Newspeak is “politically correct” speech taken to its maximum. Newspeak is based on standard English, but all words describing “unorthodox” political ideas are removed. There is an attempt to remove the overall number of words in general, so to limit the range of ideas which can be expressed.
by O Society Feb 14, 2019
During the Trump regime, sales of the novel 1984 by George Orwell, first published in 1949, soar. It climbs to the top of the amazon.com best seller list, and bookstores report copies flying off the shelves. You can read it here.
Since so many people are reading or re-reading it, we have a “book club” conversation about what makes this classic relevant today.
Andrew Simmons is an English teacher who transforms his classroom into the world of 1984 and Big Brother every October:
“I want to get to the point where they know what this book is about, and they are being encouraged to look to current events and look to more recent history, and to basically constantly ask themselves:
Is this some sort of strange prediction that never came true?
Is this a warning people haven’t really heeded?
Do we live in a society that, on certain mornings when we wake up, feels a little bit like the one the book presents to us?”
“It would be really difficult for me to not teach this book, because sitting through the election cycle, I’m not sure how many people didn’t think of 1984. It is so obvious there is an effort to re-write history as discussions are taking place.”
Michael Bugeja is director and professor of Iowa State University’s Greenlee School of Journalism and Communication. His concern lies in seeing the Orwellian concepts of “doublethink” and “Newspeak” in today’s society:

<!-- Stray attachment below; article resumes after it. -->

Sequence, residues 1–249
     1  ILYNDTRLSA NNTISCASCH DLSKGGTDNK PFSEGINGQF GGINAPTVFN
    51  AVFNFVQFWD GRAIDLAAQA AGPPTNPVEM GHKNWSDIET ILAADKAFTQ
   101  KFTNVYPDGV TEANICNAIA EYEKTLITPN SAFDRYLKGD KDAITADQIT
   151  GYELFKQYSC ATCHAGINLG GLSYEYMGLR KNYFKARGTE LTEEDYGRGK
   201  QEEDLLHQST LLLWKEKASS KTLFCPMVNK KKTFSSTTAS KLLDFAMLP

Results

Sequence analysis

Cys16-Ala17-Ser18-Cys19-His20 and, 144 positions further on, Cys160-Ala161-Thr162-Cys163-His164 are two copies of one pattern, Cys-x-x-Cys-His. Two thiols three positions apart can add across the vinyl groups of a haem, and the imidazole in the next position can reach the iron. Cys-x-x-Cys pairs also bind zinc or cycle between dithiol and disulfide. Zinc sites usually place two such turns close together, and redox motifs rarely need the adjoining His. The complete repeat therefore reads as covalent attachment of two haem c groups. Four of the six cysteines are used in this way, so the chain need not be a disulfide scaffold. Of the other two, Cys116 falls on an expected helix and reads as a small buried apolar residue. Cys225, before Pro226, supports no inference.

“According to Orwell in the book, doublethink is the ability, to hold two contradictory ideas in one’s mind simultaneously. That’s what’s going on in many corners of the media right now. At the Greenlee School, we make a distinction between media, which is everything, social networks, newspapers, television… and journalism, which is the practice of disseminating fact and analysis to an audience. And 1984 does speak quite eloquently about this.”
Newspeak is the language of the IngSoc regime in 1984. It consists of restricted grammar and limited vocabulary, a linguistic design meant to limit the freedom of thought and self-expression.
“I’m seeing a lot of Newspeak in the texting that goes on, and in the lack of reading,” says Bugeja. “Nearly a quarter of American adults had not read a single book in the past year, and the number of non-book readers has nearly tripled since 1978… So what we’re losing by not reading of course is the ability to think critically.”
Terms often incorrectly attributed to Orwell’s Newspeak
- alternative facts – statement by Kellyanne Conway in 2017
- doublespeak – often incorrectly attributed to Orwell, it was actually coined in the early 1950s, and does not appear anywhere within Orwell’s Nineteen Eighty-Four, but its meaning forms a natural parallel to the Newspeak word doublethink. duckspeak, Newspeak, and Oldspeak. This term was not actually created by Orwell himself, yet it does carry the rather Orwellian meaning: “Deliberately ambiguous or evasive language; any language that pretends to communicate but actually does not.”
- doubletalk – predated Orwell’s novel, becoming popular during the late 1930s and early 1940s, but usually written as separate words.